Dutch Lesson 4

Regular  Verbs and Negation You’ve already worked your way through three chapters. Make sure you understood everything that appeared in those chapters. Make sure you understand the grammar and vocabulary and do make the exercises to practice. Also make sure you try to pronounce every Dutch sentence so you can practice your pronunciation.

Regular verbs

Let’s start now by learning a regular Dutch verb: “zeggen” (“to say” in English). In Dutch a regular verb in the present tense always has the same ending. That ending is underlined in the following example. The part of the verb that’s not underlined is called the stem, the part of the verb that always remains the same (although it might occur that the last consonant of the stem is repeated so the vowel before it retains the same sound. This is the case with this verb).
 Ik zeg  I say
 Jij zegt  You say also applies to the formal form “u”
 Hij/Zij/Het zegt  He/She/It says
 Wij zeggen  We say
 Jullie zeggen  You say
 Zij zeggen  They say
We’ll now discuss this conjugation somewhat more. The first person singular (“Ik”) is easy. It uses the full stem without any specific ending. The second person singular (“Jij”) gets an extra T behind the stem. So does the 3rdperson singular (“Hij/Zij/Het”). Now all the plural forms have the same conjugation. Usually EN is added, except when the stem already ends in an E. Then only N is added. When the stem ends in a T it’s also unnecessary to add another T. But something strange can occur. The last consonant of the stem has to be repeated when it’s preceded by a vowel that would otherwise get a different sound. “zeg” is pronounced somewhat like “zech” (pronounce the ch like in the scottish word “loch”). And “zeggen” is pronounced like “zech-un”. When the last consonant wasn’t repeated it would say “zegen” and would be pronounced like “zai-chun”. So you see that’s you have to repeat the consonant in some occasions because the sound of the stressed vowel might change otherwise, and that never happens with regular verbs. Now a simpler verb: “kijken”, meaning “to look/to watch”.
 Ik kijk  I watch
 Jij kijkt  You watch
 Hij/Zij/Het kijkt  He/She/It watches
 Wij kijken  We watch
 Jullie kijken  You watch
 Zij kijken  They watch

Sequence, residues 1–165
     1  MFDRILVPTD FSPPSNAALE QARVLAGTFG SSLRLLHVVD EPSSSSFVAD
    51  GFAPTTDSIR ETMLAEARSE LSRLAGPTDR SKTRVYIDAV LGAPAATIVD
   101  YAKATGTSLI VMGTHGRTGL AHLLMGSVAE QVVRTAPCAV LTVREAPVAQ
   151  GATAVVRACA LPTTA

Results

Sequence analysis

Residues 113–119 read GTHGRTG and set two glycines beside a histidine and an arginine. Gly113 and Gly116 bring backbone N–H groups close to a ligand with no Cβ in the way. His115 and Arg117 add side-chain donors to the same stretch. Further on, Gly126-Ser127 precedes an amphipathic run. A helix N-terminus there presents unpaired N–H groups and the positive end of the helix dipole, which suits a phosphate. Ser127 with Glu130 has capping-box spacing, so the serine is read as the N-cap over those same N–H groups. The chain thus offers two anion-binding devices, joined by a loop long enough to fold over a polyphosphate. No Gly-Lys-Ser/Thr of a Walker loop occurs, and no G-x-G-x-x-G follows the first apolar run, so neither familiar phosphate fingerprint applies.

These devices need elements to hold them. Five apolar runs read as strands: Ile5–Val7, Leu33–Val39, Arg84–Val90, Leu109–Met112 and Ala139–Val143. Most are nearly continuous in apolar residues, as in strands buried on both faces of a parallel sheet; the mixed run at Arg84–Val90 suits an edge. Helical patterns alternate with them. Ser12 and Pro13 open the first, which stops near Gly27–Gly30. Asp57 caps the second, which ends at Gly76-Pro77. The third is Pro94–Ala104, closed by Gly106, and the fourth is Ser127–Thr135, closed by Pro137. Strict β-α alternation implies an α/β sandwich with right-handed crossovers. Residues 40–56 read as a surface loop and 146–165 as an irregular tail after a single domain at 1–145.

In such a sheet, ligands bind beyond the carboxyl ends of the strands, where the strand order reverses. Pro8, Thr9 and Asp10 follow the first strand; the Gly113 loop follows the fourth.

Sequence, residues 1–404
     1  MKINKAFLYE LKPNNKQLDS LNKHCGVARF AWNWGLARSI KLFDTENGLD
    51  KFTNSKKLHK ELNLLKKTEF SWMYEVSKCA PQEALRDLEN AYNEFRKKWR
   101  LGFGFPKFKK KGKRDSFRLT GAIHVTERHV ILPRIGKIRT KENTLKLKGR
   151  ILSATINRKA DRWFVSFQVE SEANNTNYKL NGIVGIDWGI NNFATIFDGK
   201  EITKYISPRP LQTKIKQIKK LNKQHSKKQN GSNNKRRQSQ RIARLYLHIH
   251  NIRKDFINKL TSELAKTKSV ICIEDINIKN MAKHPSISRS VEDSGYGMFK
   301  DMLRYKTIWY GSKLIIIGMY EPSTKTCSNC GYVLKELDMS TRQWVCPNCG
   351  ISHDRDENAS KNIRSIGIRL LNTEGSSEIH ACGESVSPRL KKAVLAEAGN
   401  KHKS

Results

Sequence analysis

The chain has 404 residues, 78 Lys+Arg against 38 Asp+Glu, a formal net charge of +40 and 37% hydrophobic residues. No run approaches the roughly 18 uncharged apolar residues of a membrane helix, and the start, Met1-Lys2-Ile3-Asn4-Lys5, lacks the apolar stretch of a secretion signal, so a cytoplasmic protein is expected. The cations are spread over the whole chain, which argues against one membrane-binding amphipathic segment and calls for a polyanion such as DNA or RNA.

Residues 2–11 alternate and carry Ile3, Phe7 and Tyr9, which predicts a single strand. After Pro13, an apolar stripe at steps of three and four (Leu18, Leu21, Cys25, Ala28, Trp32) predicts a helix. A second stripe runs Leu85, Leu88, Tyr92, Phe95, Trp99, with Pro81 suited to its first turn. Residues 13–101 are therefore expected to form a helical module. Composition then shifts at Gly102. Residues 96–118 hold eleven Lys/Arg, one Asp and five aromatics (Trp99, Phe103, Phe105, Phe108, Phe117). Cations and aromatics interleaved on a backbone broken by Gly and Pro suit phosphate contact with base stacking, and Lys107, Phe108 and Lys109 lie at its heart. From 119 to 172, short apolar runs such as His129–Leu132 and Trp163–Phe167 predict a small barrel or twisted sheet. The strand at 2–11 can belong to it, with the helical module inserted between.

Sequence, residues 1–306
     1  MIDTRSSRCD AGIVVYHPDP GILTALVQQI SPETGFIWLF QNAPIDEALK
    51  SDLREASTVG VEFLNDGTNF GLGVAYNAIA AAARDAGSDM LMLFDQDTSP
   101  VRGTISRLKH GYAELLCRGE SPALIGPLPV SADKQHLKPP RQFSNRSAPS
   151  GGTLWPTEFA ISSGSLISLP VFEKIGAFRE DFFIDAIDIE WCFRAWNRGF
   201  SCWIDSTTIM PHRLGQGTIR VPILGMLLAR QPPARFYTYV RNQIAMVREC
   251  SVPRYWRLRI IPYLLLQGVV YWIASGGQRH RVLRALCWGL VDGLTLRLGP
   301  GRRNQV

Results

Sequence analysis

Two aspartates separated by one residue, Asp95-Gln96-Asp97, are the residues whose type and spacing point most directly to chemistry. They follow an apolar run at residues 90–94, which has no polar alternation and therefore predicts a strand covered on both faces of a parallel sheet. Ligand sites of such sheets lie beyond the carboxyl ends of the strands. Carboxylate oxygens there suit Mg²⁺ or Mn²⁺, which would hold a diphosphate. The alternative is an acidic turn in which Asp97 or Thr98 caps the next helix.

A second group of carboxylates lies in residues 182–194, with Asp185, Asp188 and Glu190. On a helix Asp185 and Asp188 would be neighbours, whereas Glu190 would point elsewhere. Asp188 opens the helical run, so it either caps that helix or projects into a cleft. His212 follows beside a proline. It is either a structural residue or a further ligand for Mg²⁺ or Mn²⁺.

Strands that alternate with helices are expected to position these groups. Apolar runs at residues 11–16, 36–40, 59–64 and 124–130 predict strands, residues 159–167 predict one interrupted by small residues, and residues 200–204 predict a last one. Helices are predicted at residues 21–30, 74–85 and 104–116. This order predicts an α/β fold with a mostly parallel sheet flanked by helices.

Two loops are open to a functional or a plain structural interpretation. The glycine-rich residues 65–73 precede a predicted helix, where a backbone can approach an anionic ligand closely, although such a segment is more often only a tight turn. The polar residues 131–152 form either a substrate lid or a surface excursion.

Note that the infinitive verb (the unconjugated form, in English preceded by “to” as in “to see”) ends on EN in Dutch. Drop the EN and you have the stem of the verb. Then you can go conjugate it. You already know that the stressed vowel in a regular verb always has the same sound. This sound is copied from the infinitive verb. So besides adding an extra consonant there is also the matter of adding an extra vowel. Before you continue reading, make very sure you understand everything about the Dutch pronunciation. Let’s take a look at the verb “praten” (“to speak / to talk”) for example. The infinitive verb is pronounced as “pra-tun” (with the A pronounced differently than in English, with a long open sound). It has this special long sound because the A appears at the end of a syllable. When you would say “Ik prat” then that special sound would be lost because an “A” in the middle of a syllable has a very different sound. That’s why instead of “ik prat” they say “ik praat”, to retain the same sound as in the infinitive verb. Remember this! Note that in the 1stperson plural (“wij”), it’s not needed to use this double vowel (double vowels never occur at the end of a syllable): “Wij praten”. The full conjugation of “praten” can be found below:
 Ik praat  I speak
 Jij praat  You speak
 Hij/Zij/Het praat  He/she/it speaks
 Wij praten  We speak
 Jullie praten  You speak
 Zij praten  They speak
There are actually three types of regular verbs (strong verbs and two types of weak verbs) but this only effects the past tense of the verb. The present tense is equal to all three types, so we won’t look into this matter now.


Now we’re going to talk about negation, because you might want to say: “That is NOT a house”, “and that is NO dog”. In Dutch there are two word for “no”: “geen” and “niet”. “geen” is used when talking about nouns. It’s a kind of adjective. “niet” is used with verbs. It’s a kind of adverb. For example, when denying quantity of a specific noun you use “geen”, as in “ik heb geen hond” (“I have no dog”). “niet” can be used to deny a verb. “Ik kijk niet” (“I am not looking”). It then appears after the verb and the direct object (at the end of the sentence). “geen” always appears directly after the verb and before the direct object. A little trick to remember whether to use “geen” or “niet”: “geen” applies to having “none” of something; “niet” can never be substituted by “none”. That’s enough material for now. Make sure you understand it. It’s quite hard, so don’t hesitate to reread this lesson a couple of times.


Learn the following words. From now on there will also be regular verbs (or at least verbs that are regular in the present tense) in the list.


 kijken  to watch / to look
 weten  to know
 praten  to speak
 zeggen  to say
 lopen  to walk
 rennen  to run
 zien  to see
 het kind  het child (plural: de kinderen)
 de man  the man
 de vrouw  the woman
 de appel  the apple
 nederlands  dutch
 engels  english

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